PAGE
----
Guide to Drawing Materials

Oct 30 / Elina
Drawing is an enthralling art form that allows us to express ourselves and bring our dreams to reality. Every decision, from picking the best paper to selecting the best pencils and erasers, contributes to the ultimate masterpiece. Whether you’re a beginner or an experienced artist looking to improve your abilities, choosing the correct drawing supplies is critical to attaining your goals. In this blog post, we will examine several drawing materials and explain their distinct traits, benefits, and how they might help the artistic process.

Drawing paper

Bristol board – has a smooth drawing surface; this kind of paper can hold pressure, so while drawing, it will not tear or bleed through onto the other side.

Cartridge paper – this type of paper is mainly used for illustration and drawing, its high quality and heavy paper. This is the best paper for graphite drawing. Regarding the colour of the paper, there are various white shades for which shade to choose. It’s a matter of personal taste and preferences. For example, I prefer to use off-white, which is a bit warmer, and in my opinion, it gives the drawing some extra depth.

Here are some aspects to think of when choosing a paper;

Drawing on toned paper can create a different atmosphere and mood than on white paper. Toned paper is frequently used to provide depth and mood to subjects that require a lot of shade, such as landscapes, portraits, and still lifes. When you draw on toned paper, the colour of the paper functions as a mid-tone, which means your highlights and shadows will have more excellent contrast and seem more lively. 

On the other hand, drawing on white paper may be a better choice if you want a clean and sharp look. It also depends on the media used. Some materials, such as coloured pencils or pastels, may perform better on toned paper than others, such as ink or markers.


There are a lot of brands, and it can get quite confusing when you have to choose. During four years of academic drawing, I have tried out different brands. Once more, I can tell that just like the shade of your paper, the brand of the pencils is a matter of personal taste. The safest choice and the best choice for beginners would be Faber-Castell. They offer pencils in 16 different degrees of hardness, so you will have a wide variety to select the best ones. Especially if you are a beginner, I suggest buying the whole set to try out them.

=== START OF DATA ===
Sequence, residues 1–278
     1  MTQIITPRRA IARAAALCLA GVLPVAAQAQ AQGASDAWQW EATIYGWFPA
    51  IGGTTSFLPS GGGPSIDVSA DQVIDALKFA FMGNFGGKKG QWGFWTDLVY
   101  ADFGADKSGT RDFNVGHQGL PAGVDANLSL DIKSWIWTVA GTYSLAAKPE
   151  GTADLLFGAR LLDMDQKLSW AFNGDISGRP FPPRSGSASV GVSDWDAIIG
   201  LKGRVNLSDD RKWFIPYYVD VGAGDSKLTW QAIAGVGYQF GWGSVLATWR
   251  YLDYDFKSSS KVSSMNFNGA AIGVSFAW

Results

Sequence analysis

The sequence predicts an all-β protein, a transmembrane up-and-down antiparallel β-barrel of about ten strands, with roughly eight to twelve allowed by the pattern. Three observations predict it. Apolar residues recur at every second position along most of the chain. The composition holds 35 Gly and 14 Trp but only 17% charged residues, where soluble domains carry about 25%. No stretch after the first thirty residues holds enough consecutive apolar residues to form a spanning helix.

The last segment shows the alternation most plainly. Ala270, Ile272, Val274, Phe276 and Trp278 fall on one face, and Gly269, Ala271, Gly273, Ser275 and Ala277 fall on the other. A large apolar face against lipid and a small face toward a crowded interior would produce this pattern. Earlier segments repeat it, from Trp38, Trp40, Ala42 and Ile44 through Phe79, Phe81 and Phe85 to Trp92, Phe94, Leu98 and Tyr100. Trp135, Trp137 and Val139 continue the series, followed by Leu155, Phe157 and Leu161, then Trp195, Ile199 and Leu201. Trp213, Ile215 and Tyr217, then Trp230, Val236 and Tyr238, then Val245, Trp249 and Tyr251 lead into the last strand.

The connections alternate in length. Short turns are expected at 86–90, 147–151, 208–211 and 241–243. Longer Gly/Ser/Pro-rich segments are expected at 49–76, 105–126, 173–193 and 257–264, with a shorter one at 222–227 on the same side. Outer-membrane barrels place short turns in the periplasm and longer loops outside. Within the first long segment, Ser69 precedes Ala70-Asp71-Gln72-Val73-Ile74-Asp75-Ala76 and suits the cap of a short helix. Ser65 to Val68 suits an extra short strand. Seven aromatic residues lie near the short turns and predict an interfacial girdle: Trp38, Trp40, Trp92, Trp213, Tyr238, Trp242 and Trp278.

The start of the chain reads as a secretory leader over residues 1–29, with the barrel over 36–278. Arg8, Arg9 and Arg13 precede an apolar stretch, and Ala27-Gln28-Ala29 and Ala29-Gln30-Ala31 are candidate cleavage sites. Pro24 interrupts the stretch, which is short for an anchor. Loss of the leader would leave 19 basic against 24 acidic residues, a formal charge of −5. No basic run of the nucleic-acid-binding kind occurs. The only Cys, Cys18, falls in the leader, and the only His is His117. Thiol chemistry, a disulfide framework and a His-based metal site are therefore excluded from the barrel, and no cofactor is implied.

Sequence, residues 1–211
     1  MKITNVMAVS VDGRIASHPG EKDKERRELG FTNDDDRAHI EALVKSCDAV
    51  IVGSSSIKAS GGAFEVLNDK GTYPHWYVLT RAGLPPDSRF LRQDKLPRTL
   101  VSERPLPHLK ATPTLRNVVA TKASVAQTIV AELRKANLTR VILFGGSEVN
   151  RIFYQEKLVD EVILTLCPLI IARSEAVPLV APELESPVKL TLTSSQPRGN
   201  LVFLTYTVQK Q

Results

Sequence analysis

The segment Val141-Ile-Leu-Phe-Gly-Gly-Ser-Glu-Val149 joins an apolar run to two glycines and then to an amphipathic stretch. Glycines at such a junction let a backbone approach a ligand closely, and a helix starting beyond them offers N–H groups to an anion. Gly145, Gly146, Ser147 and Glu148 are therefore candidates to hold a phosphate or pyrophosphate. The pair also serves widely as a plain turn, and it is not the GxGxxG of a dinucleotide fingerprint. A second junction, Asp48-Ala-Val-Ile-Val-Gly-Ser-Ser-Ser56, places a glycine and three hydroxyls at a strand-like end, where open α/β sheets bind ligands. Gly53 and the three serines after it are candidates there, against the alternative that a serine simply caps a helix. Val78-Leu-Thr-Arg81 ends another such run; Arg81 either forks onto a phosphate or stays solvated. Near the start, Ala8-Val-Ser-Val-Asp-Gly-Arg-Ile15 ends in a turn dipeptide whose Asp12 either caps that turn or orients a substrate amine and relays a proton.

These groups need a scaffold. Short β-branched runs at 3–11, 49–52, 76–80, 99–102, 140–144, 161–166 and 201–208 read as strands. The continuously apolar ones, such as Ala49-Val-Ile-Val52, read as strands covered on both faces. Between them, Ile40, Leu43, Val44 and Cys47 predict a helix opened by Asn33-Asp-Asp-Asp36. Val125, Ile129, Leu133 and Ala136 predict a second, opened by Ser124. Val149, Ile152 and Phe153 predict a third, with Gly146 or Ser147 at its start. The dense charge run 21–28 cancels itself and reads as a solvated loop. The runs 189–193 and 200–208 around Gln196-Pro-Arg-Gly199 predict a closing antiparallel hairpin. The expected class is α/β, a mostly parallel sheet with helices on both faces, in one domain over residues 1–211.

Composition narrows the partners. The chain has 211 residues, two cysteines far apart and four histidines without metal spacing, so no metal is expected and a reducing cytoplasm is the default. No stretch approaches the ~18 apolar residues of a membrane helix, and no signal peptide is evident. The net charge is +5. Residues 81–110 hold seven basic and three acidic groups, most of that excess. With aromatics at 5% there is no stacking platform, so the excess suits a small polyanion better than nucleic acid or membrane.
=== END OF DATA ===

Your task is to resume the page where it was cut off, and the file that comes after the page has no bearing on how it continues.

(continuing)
For sketching, I personally like to use 2H or H. Sometimes I also use HB, but it depends on the brand. As for drawing, I like to use B or 2B. However, it depends on the object I am drawing and the atmosphere I want to create. B or 2B are the basic ones and the ones that I use most often. As for others, for example, 4B or 6B etc., I use these when I want my work to appear more dramatical or to give some kind of special feeling.
Also, there is a mechanical pen which I suggest using only for sketching and not for drawing. The biggest issue with this is that it can be challenging to achieve the same look or feeling as you would with a pencil. In the academic drawing, shading is significant! The best shading is the one which looks natural, and this effect of natural shading can be achieved with a pencil. Still, if you try to shade with a mechanical pencil, the lines can become too visible, ruining the whole atmosphere of the drawing.


The first type of eraser to recommend would be the pen-type of eraser. Which is small, and you can be very accurate with what you erase. As well it can help create highlights in the drawing.

Then there is another type of eraser which is kneaded eraser. This one can be handy if some parts of your drawing have turned too dark. You can use this eraser to make them lighter. Ordinary erasers would leave stains if you tried to do that. Therefore a kneaded eraser can be handy in this type of situation. They may also be stretched, compressed, split, and moulded for precision erasing, pruning lines, polishing edges, producing highlights through subtractive drawing, and doing other precise work. 
  • You can use the classical pencil sharpeners; however, I suggest sharpening the pencils with a paper-knife for graphite drawings. It allows complete control of the shape and length of their pencil point. Nevertheless, it takes some time to learn how to do it correctly. 

  • It is not recommended to use rulers and other similar tools in classical academic drawing. Artists learn to draw straight lines and circles independently without any extra support.
Finally, the materials we use to draw significantly impact the outcome of our artistic attempts. Each factor, from the texture and weight of the paper to the spectrum of pencil hardness, contributes to the distinct character of our artwork. The choices are unlimited! Whether you prefer the sharpness of white paper or the moodiness of toned paper and whether you draw with precision or want a dramatic impact. Remember to experiment with different materials to determine what works best for you. Allow your imagination to fly and your artistic concepts to come to life with the appropriate tools. 

Have fun drawing!
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